According to a new study published in the journal Sleep Medicine1, a third of Australians experience jet lag symptoms from lack of sleep, caused by exposure to artificial light before they go to sleep. Evidence has been building that exposure to even low levels of light in the evening or at night is disrupting our sleep quality; the blue light from screens and the evening light in our homes suppress melatonin and delay the timing of our sleep by disrupting our biological clock.
"We now have a dire situation where millions of Australians are failing to get the sleep they need to live happy, healthy lives," according to Professor Dorothy Bruck, chairwoman of the Sleep Health Foundation.2
So what would happen if we turned off the lights? Last winter author Linda Geddes, together with sleep researchers Derk-Jan Dijk and Nayantara Santhi from the University of Surrey in the UK, and with help from Marijke Gordijn, a chronobiologist at the University of Groningen in The Netherlands, designed a programme to go cold-turkey on artificial light after dark, and to try to maximise exposure to natural light during the day.
"Using candles rather than bright lights at night may help you sleep better"
“In modern societies, at least on weekdays, we don’t sleep in tune with our body clock,” according to Dijk. Exposure to artificial light at night is shifting our body clocks later. Light suppresses melatonin and tells our body to be alert, so using candles rather than bright lights at night may help you sleep better. “The important thing is that we create a light exposure pattern with sufficient light during the day, and not too much light in the evening,” says Dijk.3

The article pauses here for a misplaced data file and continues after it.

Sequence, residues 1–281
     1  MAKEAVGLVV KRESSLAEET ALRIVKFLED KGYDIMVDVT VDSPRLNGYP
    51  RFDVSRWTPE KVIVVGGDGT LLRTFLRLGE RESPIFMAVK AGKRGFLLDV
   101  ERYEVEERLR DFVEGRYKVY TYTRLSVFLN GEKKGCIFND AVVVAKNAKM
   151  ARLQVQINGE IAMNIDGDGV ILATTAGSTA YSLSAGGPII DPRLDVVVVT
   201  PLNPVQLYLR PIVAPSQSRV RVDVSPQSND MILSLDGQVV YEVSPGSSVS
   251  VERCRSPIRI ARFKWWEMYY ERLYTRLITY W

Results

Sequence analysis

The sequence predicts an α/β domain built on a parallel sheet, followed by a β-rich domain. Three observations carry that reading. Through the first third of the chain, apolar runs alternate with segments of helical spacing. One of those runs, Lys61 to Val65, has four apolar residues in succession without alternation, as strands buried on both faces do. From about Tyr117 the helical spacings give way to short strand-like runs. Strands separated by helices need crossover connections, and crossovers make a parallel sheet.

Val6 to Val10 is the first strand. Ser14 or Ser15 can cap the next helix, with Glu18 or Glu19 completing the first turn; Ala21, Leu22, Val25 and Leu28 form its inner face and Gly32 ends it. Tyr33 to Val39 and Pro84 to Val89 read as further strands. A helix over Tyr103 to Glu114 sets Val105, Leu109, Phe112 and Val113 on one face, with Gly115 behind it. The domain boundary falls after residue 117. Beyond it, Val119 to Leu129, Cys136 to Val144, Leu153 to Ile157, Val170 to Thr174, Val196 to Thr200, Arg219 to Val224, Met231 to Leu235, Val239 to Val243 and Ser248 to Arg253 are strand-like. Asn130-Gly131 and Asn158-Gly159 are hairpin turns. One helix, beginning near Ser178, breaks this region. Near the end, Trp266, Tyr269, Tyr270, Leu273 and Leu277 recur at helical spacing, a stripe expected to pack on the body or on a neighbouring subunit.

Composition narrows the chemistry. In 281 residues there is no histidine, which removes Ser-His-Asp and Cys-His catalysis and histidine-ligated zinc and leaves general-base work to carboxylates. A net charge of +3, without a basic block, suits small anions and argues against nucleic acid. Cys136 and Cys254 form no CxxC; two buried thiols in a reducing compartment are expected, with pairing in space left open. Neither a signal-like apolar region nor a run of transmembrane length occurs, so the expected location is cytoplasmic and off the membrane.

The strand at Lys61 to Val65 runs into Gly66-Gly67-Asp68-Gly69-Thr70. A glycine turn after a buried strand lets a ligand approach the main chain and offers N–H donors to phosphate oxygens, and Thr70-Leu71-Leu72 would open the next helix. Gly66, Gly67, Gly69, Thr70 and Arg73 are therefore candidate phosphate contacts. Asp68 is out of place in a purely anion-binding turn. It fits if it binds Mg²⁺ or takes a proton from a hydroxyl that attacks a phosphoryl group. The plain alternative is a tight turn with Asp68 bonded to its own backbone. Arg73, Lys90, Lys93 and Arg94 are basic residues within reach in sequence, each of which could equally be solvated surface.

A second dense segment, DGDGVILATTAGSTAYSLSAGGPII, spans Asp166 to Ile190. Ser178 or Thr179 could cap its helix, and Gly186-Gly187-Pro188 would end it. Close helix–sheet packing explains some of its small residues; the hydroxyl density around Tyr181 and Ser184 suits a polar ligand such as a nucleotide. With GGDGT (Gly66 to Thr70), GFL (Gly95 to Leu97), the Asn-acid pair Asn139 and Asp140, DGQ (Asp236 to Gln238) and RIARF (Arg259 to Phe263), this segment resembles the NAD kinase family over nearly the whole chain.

Geddes found that once she’d adapted to the challenges, living without artificial light was very pleasant. Conversation seemed to flow more easily, and visitors also commented on how mellow and relaxed they felt in the dim light. Another bonus was that her children seemed to settle down more easily in the evenings. And towards the end of the experiment, she asked her daughter if she was looking forward to switching the lights back on. "No," she said. "It has been wonderful, because the candles are really relaxing."
It sounds deceptively simple, but spending more time outdoors during the daytime and dimming the lights in the evening really could be a recipe for better sleep and health.
1. Sociodemographic and behavioural correlates of social jetlag in Australian adults: results from the 2016 National Sleep Health Study - Carol J. Lang, Amy C. Reynolds, Sarah L. Appleton, Anne W. Taylor, Tiffany K. Gill, R. Doug McEvoy, Sally A. Ferguson, Robert A. Adams↩
2. One-third of Australians are 'jet-lagged' from lack of sleep - Sydney Morning Herald, 9 July 2018↩
3. What I learned by living without artificial light - BBC Future, 25 April 2018↩